Seldom do I search for wisdom on finding love. And yet, more than occasionally, it lands in my lap.
Like this gut-wrenching quote from the journal of Sylvia Plath: “There is so much hurt in this game of searching for a mate, of testing, trying. And you realize suddenly that you forgot it was a game, and turn away in tears.”
I’m typically not a pessimist. Nor do I really thrive on negativity (unless we’re talking about self image). There is, however, a hard truth in Sylvia’s revelation: We toy naïvely with chance just to find a mate, never mind what reality tell us. “Maybe this one will be the one,” we say. And so, we roll the dice, half-find and completely lose, tear our souls apart, and start all over again. It’s a sick game.
And I have made it my obsession.
The odds do not seem to be in my favor. Mismatched rolls, snake eyes, dice tumbling off the table. It often ends with me emptying my wallet and curling up in front of the TV alone.
I don’t share this so you pity me — I’m lucky to have the life I do, to have the opportunity to roll the dice at all. I share it because this nightly gamble pushes a question to the fore that I’ve been afraid to address:
What if, despite all of the strategy and good luck, no partner comes my way? What if I spend my life alone?
Again, not a pity play. What I mean is this: If I were to give up my dice rolling altogether, what would my life look like? Where would I put my energy and what passions would come to the fore?
I’m not the first 40-something to ask this question, but it’s new(ish) to me. It reminds me, in a twist of e.e. commings upside-down love poetry that “i like the thrill / of under me [it] so quite new.” Not a partner under me, not a husband or a lover — no. Instead, a full-hearted chase after all else that inspires. A renewed and silly romance with my unadulterated passions.
In some measure, I’ve begun the hunt, poring over methods of self-discovery (like the Japanese concept of ikigai), committing to activities that I know will bring me joy (like writing and volunteering with refugees), and spending time with very dear friends.
Still, I look back on my younger self and I remember dreaming just a bit bigger, wider, more dangerously. There were no guarantees, nor was there a clear path from dream to reality. That didn’t stop me from taking steps toward the realization of those dreams.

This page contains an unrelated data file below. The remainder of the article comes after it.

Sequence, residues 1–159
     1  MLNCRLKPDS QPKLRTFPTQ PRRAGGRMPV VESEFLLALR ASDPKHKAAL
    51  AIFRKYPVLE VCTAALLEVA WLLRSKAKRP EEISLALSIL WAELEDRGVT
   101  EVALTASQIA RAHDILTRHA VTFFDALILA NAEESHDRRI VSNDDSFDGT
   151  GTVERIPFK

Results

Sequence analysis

I published my own poetry. Made friends with strangers from far-away countries. Launched a television show. Volunteered at my church. Soaked in theater and the symphony like a sponge.
How is now any different? I am older, yes. More easily tired. Stressed. Less energetic. Perhaps even less inspired, less fueled by raw passion than I was just a few years ago.
This is what stops most of us — it takes too much out of us to survive and thrive. To chase after dreams that seem like a dim light in the distance. Surviving is enough, dotted with moments of simple joy that occasionally appear on our path. What energy we do have is devoted to finding a partner who’ll walk that path with us.
There is nothing wrong with this. We are social creatures; we need companionship. But companionship takes many forms and romantic partnership is not the end all, be all of our lives. Happiness can come equally from a tapestry of relationships, and from many-colored pursuits.
So, what are mine? What are yours? Are they the same ones that lit us up at 20, set aside so we could climb the ladders of our career or find a partner? Do we even know?
The hunt for partnership often ends in tears, as Sylvia unabashedly confesses — broken hearts, hurt feelings, billowing self doubt. I am still willing to roll the dice, but not every night, not always. I think it’s time I reserved more energy for what stirs the soul. It’s time to ask my 20 year-old self what I’ve forgotten, and what wide-eyed idealisms I can reignite.
Because, even if the idealized partner never comes my way, I am determined to leave this world far better and brighter than I found it.